Poems by D. m Aderibigbe

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Oil Plants

by D. m Aderibigbe

From Canary Fall 2014

D. m lives on a plot of land with his grandmother and a few family members in the Nigerian city of Lagos -about 300 feet away from the Majidun River in the Majidun River watershed.

After the Niger Delta Crisis

Our hearts stopped beating -- fear died --
because our teachers told us we had
to die for the classes to continue.
Because our fathers returned home
with slim fish nets, dripping of
their new glory water -- crying over their
new roles: irresponsible fathers.
Because of our markets, now dumb as a
graveyard at night -- what do we call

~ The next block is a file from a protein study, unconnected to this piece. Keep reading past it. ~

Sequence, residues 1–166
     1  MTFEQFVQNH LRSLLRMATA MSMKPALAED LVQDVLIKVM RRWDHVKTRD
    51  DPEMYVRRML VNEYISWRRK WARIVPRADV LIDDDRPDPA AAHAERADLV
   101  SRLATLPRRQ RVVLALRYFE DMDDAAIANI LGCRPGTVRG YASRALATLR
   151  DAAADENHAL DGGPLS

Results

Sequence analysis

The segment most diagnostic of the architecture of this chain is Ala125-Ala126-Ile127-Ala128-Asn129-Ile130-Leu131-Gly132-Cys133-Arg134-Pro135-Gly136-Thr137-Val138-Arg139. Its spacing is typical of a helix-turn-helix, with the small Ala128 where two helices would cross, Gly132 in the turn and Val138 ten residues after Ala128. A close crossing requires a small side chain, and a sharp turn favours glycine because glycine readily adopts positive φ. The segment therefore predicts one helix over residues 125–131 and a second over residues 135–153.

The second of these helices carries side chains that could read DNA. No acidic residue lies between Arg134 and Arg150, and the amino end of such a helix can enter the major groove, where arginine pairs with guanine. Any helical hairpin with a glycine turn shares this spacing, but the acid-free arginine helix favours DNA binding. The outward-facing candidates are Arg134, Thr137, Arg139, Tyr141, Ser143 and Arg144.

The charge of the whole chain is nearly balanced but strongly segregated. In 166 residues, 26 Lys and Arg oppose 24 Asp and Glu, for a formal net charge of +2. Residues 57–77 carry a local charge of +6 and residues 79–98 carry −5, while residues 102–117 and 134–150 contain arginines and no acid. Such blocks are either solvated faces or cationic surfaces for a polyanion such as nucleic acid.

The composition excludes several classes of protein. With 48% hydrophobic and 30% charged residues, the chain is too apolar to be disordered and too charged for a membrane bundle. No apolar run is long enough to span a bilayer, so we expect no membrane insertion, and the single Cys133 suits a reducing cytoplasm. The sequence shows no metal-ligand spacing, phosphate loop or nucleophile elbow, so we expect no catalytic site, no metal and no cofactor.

a market with no things to sell?

We honed our machetes until their
teeth shone, like the brightness our
future lacked. We filled our wooden
guns with bullets, wrapped them
in our frustrations, headed

for the foreigners' oil plants that had
filled our breath with toxic smoke,
our rivers, deserts, under flowing
water with sparkling oil waste.
How does our future

grow older without these dead fishes?

When they ask us where we are
headed, we will tell them we are
going to get death, dead.

When they ask us where we are
headed, we will tell them we are
going to bring back our fishes.

*The Niger Delta is an oil-rich region in Nigeria, suffering from environmental issues as a direct consequence of oil exploration carried out by foreign nationals. This resulted in an uproar by the local people, who bear the brunt of these hazardous activities.

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